Hangover help is here!


By pH health care professionals

The day after your 21st birthday may have been your worst hangover ever, but even as an older (and somewhat wiser) adult, you can still get them. A little too much to drink over the holidays, and you may wake up the next morning with a headache, dizziness, fatigue, nausea, vomiting, dry mouth, sensitivity to light, muscle aches, a rapid heart rate and/or mood issues (depression, anxiety, irritability).

So what causes hangovers?

You may think it’s higher levels of alcohol left in your system causing your hangover, but that is not the case. Researchers have found that hangovers aren’t related to alcohol levels at the time of the hangover. Hangovers are generally at their worst 12-14 hours after drinking, when blood alcohol levels are actually much lower or nonexistent. 

Your immune system may trigger an inflammatory response, your stomach lining may be irritated from the alcohol (making you sick), and your blood vessels may be expanded (causing a headache). Factors like dehydration, not enough sleep, smoking, overall health status, and genetic differences can also aggravate hangovers. Also, the type of alcohol can affect the severity of the hangover, depending on the concentration of congeners in the drink. Congeners are byproducts of fermentation, and they often cause more severe hangovers, with the highest concentration found in red wine and dark liquors.

How common are hangovers?

75 percent of alcohol users who drink to intoxication levels (0.08 percent) experience hangovers at least some of the time. 43 percent of the heaviest drinkers, with weekly drinks of more than 106 g of alcohol (equivalent to nine drinks), experience at least monthly hangovers.

Here are a few ways you can be proactive:

  • Take notice. Be proactive and pay attention to your individual limits and which drinks you tolerate best and worst to prevent the issue in the first place. Choose lighter-colored drinks like vodka or white wine with less congeners. Bourbon, tequila, scotch, dark-colored beer and red wine tend to have more congeners. And take your time with a drink. Have conversation while you are drinking. It may to slow down the alcohol consumption rate when you are talking.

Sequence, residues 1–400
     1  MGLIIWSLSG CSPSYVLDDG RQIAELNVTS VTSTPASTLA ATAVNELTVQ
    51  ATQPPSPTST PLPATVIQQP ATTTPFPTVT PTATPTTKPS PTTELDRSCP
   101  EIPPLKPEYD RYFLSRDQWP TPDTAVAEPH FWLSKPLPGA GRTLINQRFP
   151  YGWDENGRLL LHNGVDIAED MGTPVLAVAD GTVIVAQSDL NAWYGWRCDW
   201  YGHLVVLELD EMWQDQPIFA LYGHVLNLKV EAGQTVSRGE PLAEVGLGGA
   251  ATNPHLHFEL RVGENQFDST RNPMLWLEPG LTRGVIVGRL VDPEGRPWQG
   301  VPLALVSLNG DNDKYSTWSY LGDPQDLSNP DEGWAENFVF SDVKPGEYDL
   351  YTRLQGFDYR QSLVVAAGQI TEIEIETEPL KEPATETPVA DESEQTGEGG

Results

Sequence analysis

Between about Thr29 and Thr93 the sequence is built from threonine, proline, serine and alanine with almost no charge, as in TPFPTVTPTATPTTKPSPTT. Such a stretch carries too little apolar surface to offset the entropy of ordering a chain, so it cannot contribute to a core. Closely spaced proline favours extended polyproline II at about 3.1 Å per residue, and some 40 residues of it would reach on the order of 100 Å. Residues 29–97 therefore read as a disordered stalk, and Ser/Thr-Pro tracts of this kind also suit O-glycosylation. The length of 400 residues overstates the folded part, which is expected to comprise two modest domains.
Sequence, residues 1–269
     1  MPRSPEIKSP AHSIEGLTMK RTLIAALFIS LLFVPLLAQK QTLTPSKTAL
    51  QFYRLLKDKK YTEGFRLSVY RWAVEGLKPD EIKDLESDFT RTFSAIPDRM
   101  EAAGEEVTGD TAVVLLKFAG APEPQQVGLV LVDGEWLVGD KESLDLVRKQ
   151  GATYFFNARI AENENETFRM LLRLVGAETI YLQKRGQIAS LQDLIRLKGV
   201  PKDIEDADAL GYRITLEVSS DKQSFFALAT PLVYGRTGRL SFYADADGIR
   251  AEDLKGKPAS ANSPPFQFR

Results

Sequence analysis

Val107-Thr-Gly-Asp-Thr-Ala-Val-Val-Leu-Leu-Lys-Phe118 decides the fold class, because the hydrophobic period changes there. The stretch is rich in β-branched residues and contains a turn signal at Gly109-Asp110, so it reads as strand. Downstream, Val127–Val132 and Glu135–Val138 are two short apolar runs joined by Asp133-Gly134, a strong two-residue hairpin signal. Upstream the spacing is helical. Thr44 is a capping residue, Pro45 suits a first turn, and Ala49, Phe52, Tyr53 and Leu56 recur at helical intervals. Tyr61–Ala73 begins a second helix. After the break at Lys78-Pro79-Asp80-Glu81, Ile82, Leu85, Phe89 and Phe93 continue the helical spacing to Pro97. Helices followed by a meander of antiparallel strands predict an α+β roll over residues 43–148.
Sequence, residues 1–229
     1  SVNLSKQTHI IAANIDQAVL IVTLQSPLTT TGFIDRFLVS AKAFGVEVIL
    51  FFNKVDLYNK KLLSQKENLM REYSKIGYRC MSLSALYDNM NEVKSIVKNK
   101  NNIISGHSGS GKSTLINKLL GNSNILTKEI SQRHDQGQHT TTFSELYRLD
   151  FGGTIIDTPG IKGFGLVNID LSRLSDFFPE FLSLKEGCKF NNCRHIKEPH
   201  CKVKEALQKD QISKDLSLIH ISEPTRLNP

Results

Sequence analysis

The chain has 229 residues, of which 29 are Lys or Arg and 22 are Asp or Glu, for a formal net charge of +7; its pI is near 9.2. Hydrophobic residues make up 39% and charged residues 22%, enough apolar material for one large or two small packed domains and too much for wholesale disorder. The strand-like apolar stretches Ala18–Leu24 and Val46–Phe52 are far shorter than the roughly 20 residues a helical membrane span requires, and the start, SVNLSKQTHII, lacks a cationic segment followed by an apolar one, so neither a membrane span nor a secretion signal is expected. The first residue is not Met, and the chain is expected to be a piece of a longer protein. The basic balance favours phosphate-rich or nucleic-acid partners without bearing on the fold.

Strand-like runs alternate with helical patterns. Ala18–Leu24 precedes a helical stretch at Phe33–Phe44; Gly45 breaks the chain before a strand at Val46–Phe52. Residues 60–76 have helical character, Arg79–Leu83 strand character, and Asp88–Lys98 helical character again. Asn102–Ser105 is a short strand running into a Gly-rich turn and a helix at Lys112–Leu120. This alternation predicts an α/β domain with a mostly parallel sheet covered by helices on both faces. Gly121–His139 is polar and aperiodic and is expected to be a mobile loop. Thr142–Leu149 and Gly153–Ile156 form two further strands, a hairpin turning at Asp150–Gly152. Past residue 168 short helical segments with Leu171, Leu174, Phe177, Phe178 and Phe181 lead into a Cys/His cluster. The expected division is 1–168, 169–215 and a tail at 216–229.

•  Eat a hearty meal. You can delay the absorption of alcohol by eating high-fat foods like meats and cheeses before consuming alcohol, since these foods metabolize at a slower rate. Also, whole grains and omega-3 fatty acids may help to reduce the adverse effects of alcohol consumption.
  • Consider preventive measures. Honey, rich in vitamins and minerals, may have many health benefits, including possibly helping to prevent drunkenness and hangovers, according to a study in BMC Complementary and Alternative Medicine. Prickly pear extract may ease hangover symptoms if taken before drinking begins, according to a study published in Archives of Internal Medicine.
  • Hydrate often. Replenish with plenty of fluids to reduce the effects of dehydration, especially as alcohol makes you pee more often. Match each alcoholic drink with an 8 oz. glass of water.
  • Don’t smoke. Smoking in conjunction with drinking may make hangovers worse.

Although eating before you drink and replenishing your fluids are helpful proactive steps, at the end of the day, there is no magic potion that enables you to drink heavily with no hangover. The best preventive measure is simply to drink responsibly and to be aware of your body’s responses.

Enjoy Your Healthy Life!

The pH professional health care team includes recognized experts from a variety of health care and related disciplines, including physicians, attorneys, nutritionists, nurses and certified fitness instructors. This team also includes the members of the pH Medical Advisory Board, which constantly monitors all pH programs, products and services. To learn more about the pH Medical Advisory Board, click here.